Clinical course and prognostic value of disease activity in the first two years in different subtypes of juvenile idiopathic arthritis
Objective. Juvenile idiopathic arthritis (JIA) is a heterogeneous disease involving chronic arthritis. The clinical course is characterized by a fluctuating pattern of active and inactive disease. We have described in detail the clinical course in different JIA subtypes during the first 2 years after diagnosis and studied its relationship to disease activity in the following years. Methods. Detailed clinical data on different parameters describing the disease activity in sequential time periods covering the first 2 years after diagnosis were retrieved from the charts of 311 patients with JIA and compared between subtypes. In a cohort of 146 patients, the relation of these different clinical variables to the course of disease in the following 3 years was evaluated. Results. The percentage of time with active disease in the first 2 years differed significantly between subtypes. In all subtypes, a broad spectrum of activity was observed. The time with active disease in the first 2 years was the most significant factor associated with the duration of active disease in the following years. Conclusion. Different percentages of time with active disease have been observed between JIA subtypes in the first 2 years. The cumulative duration of activity varied widely within each subtype. Regarding the prognosis of the individual patient, the clinical course in the first 2 years appears to be predictive of the clinical course in the following years. Patients that have less time with active disease in the first 2 years are not likely to develop an unremitting clinical course later on.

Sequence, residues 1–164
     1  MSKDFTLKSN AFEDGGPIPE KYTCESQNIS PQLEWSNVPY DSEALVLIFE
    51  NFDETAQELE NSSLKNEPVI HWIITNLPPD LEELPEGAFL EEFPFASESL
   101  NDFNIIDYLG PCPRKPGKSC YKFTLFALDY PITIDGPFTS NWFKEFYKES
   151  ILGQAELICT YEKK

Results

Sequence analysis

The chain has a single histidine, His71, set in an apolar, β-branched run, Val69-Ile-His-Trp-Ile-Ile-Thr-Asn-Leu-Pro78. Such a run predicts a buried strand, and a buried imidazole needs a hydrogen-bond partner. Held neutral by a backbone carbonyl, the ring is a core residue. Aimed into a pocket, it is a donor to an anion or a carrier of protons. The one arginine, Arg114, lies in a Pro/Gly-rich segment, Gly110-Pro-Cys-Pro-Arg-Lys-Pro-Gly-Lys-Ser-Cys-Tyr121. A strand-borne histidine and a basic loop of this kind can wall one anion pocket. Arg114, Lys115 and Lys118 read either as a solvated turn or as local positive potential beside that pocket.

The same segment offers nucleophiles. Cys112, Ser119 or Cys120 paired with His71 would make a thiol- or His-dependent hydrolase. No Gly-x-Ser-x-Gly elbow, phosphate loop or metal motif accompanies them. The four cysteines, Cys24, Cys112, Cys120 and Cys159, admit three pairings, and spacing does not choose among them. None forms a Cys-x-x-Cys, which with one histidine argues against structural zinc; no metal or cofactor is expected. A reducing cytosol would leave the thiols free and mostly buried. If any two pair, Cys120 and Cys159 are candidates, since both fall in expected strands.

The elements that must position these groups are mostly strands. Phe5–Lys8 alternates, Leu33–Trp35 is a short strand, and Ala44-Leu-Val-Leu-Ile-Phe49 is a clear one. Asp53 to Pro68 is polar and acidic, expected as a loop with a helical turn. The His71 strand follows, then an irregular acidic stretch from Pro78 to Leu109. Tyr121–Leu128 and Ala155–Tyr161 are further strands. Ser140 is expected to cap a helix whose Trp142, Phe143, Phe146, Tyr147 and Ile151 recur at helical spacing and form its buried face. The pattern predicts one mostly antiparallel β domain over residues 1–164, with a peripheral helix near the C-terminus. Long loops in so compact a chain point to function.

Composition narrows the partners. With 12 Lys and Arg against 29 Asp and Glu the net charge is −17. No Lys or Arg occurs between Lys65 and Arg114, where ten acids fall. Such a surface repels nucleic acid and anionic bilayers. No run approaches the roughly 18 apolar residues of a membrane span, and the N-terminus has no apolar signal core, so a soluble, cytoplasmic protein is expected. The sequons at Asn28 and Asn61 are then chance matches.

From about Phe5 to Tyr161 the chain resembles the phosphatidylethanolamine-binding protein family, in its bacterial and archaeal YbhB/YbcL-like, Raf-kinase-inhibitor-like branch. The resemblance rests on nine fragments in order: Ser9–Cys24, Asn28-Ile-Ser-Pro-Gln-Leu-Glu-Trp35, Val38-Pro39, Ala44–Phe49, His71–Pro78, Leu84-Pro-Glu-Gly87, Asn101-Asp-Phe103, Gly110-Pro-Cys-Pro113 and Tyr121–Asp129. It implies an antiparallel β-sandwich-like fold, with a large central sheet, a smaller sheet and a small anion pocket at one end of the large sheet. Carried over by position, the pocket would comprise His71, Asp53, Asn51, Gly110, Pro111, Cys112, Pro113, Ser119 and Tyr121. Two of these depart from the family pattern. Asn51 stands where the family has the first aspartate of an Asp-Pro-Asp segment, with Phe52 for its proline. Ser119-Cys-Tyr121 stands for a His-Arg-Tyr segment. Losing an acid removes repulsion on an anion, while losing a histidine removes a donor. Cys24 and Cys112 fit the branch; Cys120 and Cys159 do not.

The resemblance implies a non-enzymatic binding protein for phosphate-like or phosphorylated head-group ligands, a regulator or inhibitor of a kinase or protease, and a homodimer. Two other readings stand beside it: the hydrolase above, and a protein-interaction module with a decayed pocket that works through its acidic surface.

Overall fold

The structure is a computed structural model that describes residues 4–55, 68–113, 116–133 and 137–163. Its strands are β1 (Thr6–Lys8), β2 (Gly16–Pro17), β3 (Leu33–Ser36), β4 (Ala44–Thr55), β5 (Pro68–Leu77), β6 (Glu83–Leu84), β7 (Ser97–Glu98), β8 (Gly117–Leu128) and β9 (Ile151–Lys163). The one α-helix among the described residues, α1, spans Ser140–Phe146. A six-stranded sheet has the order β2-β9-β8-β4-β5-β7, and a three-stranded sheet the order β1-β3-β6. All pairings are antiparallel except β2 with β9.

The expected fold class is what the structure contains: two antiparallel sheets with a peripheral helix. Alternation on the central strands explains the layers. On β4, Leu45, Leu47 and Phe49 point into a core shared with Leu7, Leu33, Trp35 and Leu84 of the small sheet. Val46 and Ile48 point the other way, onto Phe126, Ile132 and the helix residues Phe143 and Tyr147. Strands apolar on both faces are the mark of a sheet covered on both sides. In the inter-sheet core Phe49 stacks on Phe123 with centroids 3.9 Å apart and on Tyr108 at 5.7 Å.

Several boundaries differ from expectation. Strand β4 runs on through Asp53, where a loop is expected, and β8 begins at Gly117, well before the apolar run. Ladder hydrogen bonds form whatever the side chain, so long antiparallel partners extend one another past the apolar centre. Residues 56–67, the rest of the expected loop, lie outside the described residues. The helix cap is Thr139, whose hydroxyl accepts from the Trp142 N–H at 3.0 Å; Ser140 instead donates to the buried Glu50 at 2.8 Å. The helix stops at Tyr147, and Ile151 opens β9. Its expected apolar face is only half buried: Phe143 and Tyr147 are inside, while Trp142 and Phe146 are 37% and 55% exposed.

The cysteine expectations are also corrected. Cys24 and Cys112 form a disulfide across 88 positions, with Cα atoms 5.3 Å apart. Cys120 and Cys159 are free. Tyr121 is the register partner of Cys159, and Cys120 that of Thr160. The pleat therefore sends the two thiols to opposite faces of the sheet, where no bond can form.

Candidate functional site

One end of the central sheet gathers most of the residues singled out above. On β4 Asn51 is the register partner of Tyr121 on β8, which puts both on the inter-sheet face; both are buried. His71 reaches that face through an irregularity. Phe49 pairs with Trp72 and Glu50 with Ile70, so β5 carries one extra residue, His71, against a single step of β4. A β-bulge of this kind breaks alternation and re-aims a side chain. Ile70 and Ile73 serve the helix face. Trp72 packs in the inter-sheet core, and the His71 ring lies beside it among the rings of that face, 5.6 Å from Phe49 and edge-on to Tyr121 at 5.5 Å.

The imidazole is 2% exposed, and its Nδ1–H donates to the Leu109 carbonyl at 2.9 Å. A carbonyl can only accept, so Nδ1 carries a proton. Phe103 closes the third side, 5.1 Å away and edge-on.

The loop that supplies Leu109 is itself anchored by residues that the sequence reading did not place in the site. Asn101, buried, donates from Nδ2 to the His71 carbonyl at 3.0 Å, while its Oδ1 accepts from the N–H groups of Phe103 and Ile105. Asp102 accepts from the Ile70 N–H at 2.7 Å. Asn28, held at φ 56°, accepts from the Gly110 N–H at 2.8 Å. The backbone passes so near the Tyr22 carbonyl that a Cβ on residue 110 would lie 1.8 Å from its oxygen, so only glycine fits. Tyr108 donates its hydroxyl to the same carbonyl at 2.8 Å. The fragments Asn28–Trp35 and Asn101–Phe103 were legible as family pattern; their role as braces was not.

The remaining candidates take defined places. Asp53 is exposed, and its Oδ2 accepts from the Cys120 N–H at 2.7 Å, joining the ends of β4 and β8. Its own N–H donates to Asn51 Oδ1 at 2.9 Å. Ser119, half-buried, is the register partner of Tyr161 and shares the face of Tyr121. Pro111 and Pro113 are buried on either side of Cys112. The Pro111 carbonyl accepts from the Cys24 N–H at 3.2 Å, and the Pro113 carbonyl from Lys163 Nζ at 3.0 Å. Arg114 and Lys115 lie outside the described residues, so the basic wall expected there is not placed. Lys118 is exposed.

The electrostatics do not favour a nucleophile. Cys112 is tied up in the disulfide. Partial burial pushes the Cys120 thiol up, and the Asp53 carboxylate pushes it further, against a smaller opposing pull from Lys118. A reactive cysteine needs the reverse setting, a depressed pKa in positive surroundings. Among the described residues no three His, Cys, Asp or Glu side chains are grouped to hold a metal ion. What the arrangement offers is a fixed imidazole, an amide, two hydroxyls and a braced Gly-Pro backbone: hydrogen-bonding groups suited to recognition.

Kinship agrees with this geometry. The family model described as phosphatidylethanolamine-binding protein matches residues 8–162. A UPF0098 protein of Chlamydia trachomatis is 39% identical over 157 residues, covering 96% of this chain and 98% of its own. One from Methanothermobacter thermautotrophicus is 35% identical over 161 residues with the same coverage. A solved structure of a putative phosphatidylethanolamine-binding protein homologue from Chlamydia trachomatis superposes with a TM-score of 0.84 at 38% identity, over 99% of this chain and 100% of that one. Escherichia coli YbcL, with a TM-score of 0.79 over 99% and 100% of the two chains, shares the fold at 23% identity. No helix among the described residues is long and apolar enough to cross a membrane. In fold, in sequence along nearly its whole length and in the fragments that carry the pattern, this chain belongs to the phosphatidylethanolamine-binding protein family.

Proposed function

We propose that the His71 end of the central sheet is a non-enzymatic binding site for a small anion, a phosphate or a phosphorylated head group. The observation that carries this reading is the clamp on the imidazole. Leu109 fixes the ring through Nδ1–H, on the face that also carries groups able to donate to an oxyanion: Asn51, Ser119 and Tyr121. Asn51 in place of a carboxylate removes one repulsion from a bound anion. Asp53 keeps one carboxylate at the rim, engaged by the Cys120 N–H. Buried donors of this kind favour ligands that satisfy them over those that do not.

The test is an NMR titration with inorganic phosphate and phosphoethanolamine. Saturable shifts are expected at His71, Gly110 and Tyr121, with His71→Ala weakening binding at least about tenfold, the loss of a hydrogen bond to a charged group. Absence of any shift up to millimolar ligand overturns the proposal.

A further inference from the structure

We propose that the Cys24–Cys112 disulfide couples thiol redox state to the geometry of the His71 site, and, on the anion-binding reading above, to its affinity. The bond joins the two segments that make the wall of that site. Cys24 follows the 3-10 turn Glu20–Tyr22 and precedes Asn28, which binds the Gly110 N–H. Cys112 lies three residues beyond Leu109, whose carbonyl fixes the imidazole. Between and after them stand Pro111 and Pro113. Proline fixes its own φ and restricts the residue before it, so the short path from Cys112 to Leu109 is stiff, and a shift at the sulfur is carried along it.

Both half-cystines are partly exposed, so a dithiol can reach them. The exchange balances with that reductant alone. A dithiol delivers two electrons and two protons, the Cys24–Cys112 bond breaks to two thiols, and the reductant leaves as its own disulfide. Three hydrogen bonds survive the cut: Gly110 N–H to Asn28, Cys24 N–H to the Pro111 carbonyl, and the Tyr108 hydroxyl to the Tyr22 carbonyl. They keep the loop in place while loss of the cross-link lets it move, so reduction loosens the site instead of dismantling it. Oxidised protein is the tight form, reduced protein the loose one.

|Persistent URL||dx.doi.org/10.1002/acr.20069, hdl.handle.net/1765/27451|
Albers, H.M., Brinkman, D.M.C., Kamphuis, S.S.M., van Suijlekom-Smit, L.W.A., van Rossum, M.A.J., Hoppenreijs, E., … ten Cate, R.. (2010). Clinical course and prognostic value of disease activity in the first two years in different subtypes of juvenile idiopathic arthritis. Arthritis Care and Research, 62(2), 204–212. doi:10.1002/acr.20069